“To what extent do you agree that the following pain points are related to your shopper marketing programs?” (Percentage of respondents who agree or strongly agree)

Agree Strongly agree

Source: Strategy& Trade Promotion–Shopper Marketing intersection survey, Nov.–Dec. 2011



The results divide

The survey also revealed a clear divide among the shopper marketing initiatives of CPG companies. In fact, there is a select group of companies that is moving away from the pack in terms of shopper marketing practice and results. Our analysis of the survey data finds that some companies are reporting improved gains in “soft” results — that is, influence with retailers — in comparison to the average company’s performance. These leading companies are doing a better job of gaining a seat at the table with their retail accounts, and their shopper solutions are providing them with a valuable bartering chip as they seek to build account volume. There is an even greater performance gap when it comes to “hard” results. Here the leaders are capturing significantly faster sales growth from their shopper marketing programs than the average company. Though there is a wide range of results across individual programs within all companies, leaders also report higher overall ROI from their shopper marketing programs than from their other advertising and promotion programs (see Exhibit 2, next page). These findings are consistent with those of surveys that Strategy& has undertaken with the GMA and Path to Purchase Institute.2 Moreover, all of our surveys link the development of a leading shopper marketing capability with a coherent strategy that prioritizes the right shopper solution programs and aligns retailers and service agencies in their design and execution to enhanced influence and results.



Exhibit 2 The leaders are breaking away
Strongly disagree Strongly agree




1 … our collaborative efforts with retail partners give us greater influence over the programs they execute Influence … our category leadership position with some of our most important retail partners is enhanced … the brands in our portfolio are growing their sales faster than competitors in their categories … our shopper marketing ROI is higher than that for our other advertising and promotion investments “Due to our shopper marketing programs overall …” (Mean score of survey responses)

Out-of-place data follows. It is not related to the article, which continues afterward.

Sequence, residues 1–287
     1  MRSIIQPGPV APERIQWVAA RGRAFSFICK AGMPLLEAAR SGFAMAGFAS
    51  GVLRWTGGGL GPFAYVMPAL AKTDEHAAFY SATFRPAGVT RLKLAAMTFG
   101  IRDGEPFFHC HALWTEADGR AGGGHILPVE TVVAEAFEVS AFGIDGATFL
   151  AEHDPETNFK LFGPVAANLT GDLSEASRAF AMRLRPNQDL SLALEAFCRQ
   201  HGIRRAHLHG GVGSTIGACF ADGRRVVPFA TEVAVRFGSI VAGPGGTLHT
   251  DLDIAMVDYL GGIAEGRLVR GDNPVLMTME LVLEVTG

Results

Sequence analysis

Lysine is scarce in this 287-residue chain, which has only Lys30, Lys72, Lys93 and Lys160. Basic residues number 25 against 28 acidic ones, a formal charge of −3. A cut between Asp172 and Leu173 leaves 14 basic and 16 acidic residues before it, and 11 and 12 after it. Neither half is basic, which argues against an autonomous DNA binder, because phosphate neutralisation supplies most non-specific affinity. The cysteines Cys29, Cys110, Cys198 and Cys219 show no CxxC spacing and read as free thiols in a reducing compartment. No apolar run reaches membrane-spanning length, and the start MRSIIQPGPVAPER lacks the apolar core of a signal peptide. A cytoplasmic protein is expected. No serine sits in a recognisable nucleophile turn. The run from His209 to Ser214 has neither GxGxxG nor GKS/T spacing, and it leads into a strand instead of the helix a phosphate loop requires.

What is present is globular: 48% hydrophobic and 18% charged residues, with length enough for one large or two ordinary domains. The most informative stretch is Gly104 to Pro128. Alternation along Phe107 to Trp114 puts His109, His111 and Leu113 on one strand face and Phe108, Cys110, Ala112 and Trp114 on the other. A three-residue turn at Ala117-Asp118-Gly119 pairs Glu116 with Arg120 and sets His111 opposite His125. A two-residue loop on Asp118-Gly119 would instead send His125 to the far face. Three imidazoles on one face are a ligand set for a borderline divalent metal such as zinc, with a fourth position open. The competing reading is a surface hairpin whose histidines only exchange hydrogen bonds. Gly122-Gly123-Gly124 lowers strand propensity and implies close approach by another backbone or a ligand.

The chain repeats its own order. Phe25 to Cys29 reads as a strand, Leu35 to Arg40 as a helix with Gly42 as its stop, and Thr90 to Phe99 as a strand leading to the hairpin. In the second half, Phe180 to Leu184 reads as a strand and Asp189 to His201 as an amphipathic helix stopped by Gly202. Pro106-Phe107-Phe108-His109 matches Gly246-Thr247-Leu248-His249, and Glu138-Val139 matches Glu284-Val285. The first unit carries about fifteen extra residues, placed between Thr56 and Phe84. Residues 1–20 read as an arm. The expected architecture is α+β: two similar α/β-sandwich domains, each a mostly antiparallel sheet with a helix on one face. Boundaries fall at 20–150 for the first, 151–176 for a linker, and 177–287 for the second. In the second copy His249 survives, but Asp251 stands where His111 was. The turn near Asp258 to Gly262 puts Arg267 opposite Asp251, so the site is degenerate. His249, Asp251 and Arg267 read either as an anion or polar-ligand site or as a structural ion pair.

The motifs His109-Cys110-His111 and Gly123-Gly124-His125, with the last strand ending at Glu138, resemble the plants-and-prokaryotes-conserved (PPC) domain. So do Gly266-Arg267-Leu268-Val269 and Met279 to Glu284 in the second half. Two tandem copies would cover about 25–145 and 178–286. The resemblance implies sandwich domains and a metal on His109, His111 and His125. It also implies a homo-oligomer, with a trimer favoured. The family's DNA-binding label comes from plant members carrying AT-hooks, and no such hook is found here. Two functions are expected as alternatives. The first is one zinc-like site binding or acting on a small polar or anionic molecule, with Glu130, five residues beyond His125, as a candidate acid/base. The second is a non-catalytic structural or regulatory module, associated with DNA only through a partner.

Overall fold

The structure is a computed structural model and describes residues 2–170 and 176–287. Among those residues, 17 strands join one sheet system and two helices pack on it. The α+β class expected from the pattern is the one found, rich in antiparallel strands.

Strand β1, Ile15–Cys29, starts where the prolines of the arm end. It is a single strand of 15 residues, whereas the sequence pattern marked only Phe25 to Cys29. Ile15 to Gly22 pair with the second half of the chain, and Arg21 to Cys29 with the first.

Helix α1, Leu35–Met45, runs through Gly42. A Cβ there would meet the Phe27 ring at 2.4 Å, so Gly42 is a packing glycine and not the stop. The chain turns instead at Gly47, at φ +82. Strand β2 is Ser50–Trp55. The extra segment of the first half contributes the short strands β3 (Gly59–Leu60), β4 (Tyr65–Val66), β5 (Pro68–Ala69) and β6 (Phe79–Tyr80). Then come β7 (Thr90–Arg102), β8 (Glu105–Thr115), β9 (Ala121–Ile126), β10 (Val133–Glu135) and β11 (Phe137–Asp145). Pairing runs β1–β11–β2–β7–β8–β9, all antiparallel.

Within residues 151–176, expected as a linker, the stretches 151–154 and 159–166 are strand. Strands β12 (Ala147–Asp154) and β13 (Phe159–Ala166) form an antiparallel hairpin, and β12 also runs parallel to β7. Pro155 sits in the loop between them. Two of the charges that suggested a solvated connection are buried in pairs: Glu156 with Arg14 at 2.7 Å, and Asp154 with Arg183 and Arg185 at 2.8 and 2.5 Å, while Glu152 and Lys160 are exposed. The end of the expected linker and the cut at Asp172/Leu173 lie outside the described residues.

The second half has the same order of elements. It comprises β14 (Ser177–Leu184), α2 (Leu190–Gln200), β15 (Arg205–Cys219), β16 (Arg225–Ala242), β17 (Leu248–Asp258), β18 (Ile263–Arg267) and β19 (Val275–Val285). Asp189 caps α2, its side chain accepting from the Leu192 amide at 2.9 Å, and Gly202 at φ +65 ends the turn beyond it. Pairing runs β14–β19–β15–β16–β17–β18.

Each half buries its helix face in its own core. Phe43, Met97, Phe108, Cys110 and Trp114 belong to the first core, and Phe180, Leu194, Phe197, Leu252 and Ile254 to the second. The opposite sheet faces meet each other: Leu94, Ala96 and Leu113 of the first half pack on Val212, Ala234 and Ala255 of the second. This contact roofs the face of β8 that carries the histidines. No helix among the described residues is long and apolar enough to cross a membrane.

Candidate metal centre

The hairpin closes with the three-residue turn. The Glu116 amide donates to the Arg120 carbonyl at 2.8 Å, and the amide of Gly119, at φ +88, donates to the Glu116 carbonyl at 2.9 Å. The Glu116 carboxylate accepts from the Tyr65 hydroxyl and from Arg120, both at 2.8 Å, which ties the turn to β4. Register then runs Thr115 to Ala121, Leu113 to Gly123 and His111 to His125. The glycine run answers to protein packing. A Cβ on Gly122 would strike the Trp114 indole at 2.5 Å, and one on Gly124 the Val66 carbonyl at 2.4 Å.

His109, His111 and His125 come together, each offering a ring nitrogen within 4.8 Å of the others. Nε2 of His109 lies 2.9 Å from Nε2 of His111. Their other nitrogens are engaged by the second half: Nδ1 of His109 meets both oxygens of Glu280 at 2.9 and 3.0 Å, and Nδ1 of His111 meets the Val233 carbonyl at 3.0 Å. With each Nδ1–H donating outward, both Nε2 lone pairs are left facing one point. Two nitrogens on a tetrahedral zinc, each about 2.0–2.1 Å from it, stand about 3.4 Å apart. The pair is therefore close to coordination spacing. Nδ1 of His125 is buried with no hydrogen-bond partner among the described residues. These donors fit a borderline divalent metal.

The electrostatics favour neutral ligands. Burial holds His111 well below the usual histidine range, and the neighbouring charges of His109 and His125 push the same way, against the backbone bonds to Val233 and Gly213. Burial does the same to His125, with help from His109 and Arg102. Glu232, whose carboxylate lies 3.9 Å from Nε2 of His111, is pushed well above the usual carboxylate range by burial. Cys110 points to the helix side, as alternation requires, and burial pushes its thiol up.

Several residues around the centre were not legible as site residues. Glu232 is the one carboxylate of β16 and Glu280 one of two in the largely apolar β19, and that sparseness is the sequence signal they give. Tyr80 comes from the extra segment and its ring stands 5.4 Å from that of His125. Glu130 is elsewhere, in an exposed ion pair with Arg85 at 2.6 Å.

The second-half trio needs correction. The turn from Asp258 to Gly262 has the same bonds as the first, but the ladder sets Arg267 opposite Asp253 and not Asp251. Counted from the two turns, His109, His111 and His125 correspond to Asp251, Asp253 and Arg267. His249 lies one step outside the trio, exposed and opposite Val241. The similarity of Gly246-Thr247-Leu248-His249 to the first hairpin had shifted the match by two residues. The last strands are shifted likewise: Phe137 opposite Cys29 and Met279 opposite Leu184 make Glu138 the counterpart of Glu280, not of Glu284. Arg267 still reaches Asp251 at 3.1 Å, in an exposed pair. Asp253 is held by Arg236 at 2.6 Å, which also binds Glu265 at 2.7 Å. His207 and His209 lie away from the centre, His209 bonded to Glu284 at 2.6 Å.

4 4.3 3.8 4.4 3.9 4.1 3.1 4.1 3.2



Leaders Average company

Source: Strategy& Trade Promotion–Shopper Marketing intersection survey, Nov.–Dec. 2011



What leaders do

What accounts for the enhanced performance of shopper marketing leaders? As might be expected, experience and size are correlated with shopper marketing success: The longer a company has practiced shopper marketing and the bigger the company is, the more successful its shopper marketing initiatives tend to be. But there are also a number of practices that are correlated with shopper marketing success that are unrelated to either a company’s size or its experience with the stillemerging discipline. Leaders in shopper marketing better manage the critical intersection of shopper marketing and trade promotion. This improves their ability to sell programs into retail accounts and enables them to better collaborate with retailers, creating shopper solutions that are more effective at growing the category than promotions focused on price discounting alone — thus realizing two of the major promises of shopper marketing. They accomplish this through three actions: 1. Identifying and pursuing the right solution platform priorities (those that offer attractive headroom for growth) and engaging the right set of retail partners around these priorities 2. Aligning their sales and marketing organizations to better focus on solution platform priorities 3. Developing new funding and planning processes to support better decision making, greater lead time, and superior execution 1. Identify and pursue the right solution platform priorities. Determining the right platform priorities enables manufacturers to fund and deliver shopper solutions that are most relevant for their retail partners and shoppers. Clearly recognized priorities give direction to investment and insight development programs, and serve as the basis for sustained commitment.